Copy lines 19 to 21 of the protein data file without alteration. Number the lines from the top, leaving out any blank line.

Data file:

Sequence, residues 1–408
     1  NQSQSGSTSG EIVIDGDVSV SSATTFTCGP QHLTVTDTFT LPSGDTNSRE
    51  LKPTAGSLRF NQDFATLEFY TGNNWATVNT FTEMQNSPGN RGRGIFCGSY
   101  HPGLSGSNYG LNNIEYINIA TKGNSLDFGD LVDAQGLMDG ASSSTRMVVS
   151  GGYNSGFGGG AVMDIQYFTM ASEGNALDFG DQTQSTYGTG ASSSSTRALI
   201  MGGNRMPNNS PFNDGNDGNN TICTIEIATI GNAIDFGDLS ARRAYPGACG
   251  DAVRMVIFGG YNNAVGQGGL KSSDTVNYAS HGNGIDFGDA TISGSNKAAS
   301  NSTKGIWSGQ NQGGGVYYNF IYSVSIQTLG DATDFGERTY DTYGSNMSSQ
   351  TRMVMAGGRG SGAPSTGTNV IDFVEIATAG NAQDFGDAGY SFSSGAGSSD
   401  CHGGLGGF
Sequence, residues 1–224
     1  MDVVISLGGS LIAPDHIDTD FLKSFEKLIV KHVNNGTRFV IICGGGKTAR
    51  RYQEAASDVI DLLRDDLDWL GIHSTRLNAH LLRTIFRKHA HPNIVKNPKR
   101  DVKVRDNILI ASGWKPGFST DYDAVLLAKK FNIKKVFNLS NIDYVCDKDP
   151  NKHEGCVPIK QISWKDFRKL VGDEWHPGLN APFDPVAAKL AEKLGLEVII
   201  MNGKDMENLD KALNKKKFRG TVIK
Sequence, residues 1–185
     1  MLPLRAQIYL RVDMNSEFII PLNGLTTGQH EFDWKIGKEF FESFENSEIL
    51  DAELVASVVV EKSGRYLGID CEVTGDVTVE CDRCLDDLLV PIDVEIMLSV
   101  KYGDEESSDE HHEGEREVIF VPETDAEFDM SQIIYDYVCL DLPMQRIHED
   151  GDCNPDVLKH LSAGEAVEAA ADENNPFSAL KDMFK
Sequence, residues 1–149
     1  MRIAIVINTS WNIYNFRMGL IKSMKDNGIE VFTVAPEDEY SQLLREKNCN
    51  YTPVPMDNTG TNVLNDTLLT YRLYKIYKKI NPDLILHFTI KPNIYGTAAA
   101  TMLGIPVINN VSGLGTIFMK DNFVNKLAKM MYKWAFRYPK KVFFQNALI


    51  DAELVASVVV EKSGRYLGID CEVTGDVTVE CDRCLDDLLV PIDVEIMLSV
   101  KYGDEESSDE HHEGEREVIF VPETDAEFDM SQIIYDYVCL DLPMQRIHED
   151  GDCNPDVLKH LSAGEAVEAA ADENNPFSAL KDMFK